|"Rev Dr" Lenny Flank
Joined: Feb. 2005
Sorry for the length of this:
OK. On the first page of the preface of "Explore Evolution", in the second paragraph, we find the sentence " “This makes for exciting viewing, but is not always helpful in finding answers to the real questions in the origins debate”.
That phrase "origins debate" is significant -- it (along with its companion phrase "origins science") ties this book directly not only to the creationist/ID movement, but specifically to previous legal attempts to push religiously-motivated criticisms of evolution into classrooms.
The phrase "origins science" or "origins debate" or "origins model" does not occur in scientific papers, or in scientific textbooks. But it appears extensively in creation "science" and intelligent design "theory" literature, a history that goes back over 30 years -- in ICR Impact June 1, 1973, Duane Gish writes, “To restrict the teaching concerning origins to a single theory, that of organic evolution, and to teach it as an established scientific fact, constitutes indoctrination in a humanistic religious philosophy. Such a procedure violates the Constitutional prohibition against the teaching of sectarian religious views just as clearly as if the teaching concerning origins were restricted to the Book of Genesis.”
The phrase has a very specific meanign to creationists -- a meaning that is used by them alone, and by no other education or sciecne group. That meaning is explained by creationsit Jonathan Sarfati at the Answers In Genesis website:
“This fails to note the distinction between normal (operational) science, and origins or historical science. Normal (operational) science deals only with repeatable observable processes in the present, while origins science helps us to make educated guesses about origins in the past.”
“In contrast, evolution is a speculation about the unobservable and unrepeatable past. Thus it comes under origins science. Rather than observation, origins science uses the principles of causality (everything that has a beginning has a cause) and analogy (e.g. we observe that intelligence is needed to generate complex coded information in the present, so we can reasonably assume the same for the past). And because there was no material intelligent designer for life, it is legitimate to invoke a non-material designer for life. Creationists invoke the miraculous only for origins science, and as shown, this does not mean they will invoke it for operational science.” (Jonathan Sarfati, “Who’s Really Pushing ‘Bad Science’?”)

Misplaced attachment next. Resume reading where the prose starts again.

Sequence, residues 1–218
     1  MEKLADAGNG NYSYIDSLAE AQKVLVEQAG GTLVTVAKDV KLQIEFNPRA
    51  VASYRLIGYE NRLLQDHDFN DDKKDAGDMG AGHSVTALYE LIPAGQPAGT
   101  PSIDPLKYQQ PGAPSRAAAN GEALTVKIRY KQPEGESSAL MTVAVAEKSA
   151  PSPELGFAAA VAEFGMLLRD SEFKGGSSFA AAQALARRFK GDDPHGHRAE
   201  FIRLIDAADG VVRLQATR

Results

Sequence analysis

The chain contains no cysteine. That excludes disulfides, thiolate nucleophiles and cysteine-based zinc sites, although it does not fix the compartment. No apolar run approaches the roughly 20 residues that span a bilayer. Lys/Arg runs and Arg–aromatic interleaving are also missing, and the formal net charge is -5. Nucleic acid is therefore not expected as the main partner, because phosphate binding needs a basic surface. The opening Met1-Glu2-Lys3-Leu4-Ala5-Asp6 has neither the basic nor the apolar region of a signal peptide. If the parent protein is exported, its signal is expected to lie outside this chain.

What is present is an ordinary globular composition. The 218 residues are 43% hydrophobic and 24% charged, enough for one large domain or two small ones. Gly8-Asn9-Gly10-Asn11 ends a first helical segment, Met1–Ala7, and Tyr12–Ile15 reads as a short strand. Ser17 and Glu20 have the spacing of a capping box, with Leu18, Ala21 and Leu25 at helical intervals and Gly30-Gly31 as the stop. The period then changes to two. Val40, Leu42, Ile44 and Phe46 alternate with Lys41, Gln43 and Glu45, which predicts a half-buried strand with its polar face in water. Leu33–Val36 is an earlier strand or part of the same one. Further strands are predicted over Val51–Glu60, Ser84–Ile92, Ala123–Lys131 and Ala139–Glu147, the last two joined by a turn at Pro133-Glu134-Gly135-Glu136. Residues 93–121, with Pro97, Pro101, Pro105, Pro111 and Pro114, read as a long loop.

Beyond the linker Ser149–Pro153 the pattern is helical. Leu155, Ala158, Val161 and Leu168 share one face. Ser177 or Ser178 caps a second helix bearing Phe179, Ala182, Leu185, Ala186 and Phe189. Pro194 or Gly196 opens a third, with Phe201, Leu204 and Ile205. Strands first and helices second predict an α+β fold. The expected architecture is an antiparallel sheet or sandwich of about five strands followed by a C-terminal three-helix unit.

As used by creationists, "origins science" ties directly to the standard creationist "were you there?" argument, as well as to the "evolution and creation are just different interpretations of the same evidence" argument. And, as Sarfati notes, the concept ties directly to their religious beliefs ("Creationists invoke the miraculous only for origins science").
For creationists, "origins science" and the "origins debate" mean far more than just explanations of previous earth history -- it ties directly to their religious and moral worldview, and their religious and moral rejection of evolutionary biology:
| “Does what one believes about creation and evolution affect his or her worldview? Do origin assumptions provide a foundation upon which important moral questions are answered? Creationists have advanced the idea that what one believes about creation and evolution affects his or her worldview. For example, Morris  stated in the "When Two Worldviews Collide" videotape, "wrong thinking always begets wrong behavior and evolution is wrong thinking." Ham [14, p. 41] said, "there is a connection between origins and issues affecting society such as marriage, clothing, abortion, sexual deviancy, parental authority, etc." More directly, Barnes [5, p. 21] claims, "not only have many given away institutions of higher learning to the evolutionary establishment, but they are also giving away their own children to be trained in an evolutionary mind set. This is causing our children to abandon the traditional Judeo-Christian values upon which our society is founded." Morris and Morris [22, p. 12] state, "a person's philosophy of origins will inevitably determine sooner or later what he believes concerning his destiny, and even what he believes about the meaning and purpose of his life and actions right now in the present world" (emphasis added).” (COMPARING ORIGINS BELIEF AND MORAL VIEWS , RICHARD L. OVERMAN, M.S., Presented at the Fourth International Conference on Creationism, Pittsburgh, PA, August 3-8, 1998) |
ICR still declares today that consideration of "origins" is vital to its religious message: “The creation record is factual, historical and perspicuous; thus all theories of origins or development which involve evolution in any form are false.” (http://www.icr.org/home/faq/)
Given the religious importance of the idea of "origins", and the religious implications of the "origins debate", it's no surprise that this terminology is found in ICR's earliest attempts to legislate the inclusion of "origins science" in public school classrooms as creation "science":
"Evolution is science, creation is religion, we cannot have religion in the classroom." All too often this is the rule when it comes to the manner in which teachers perceive their role in the instruction of origins in the classroom. Fortunately, this type of thinking does not prevail in the majority of cases.”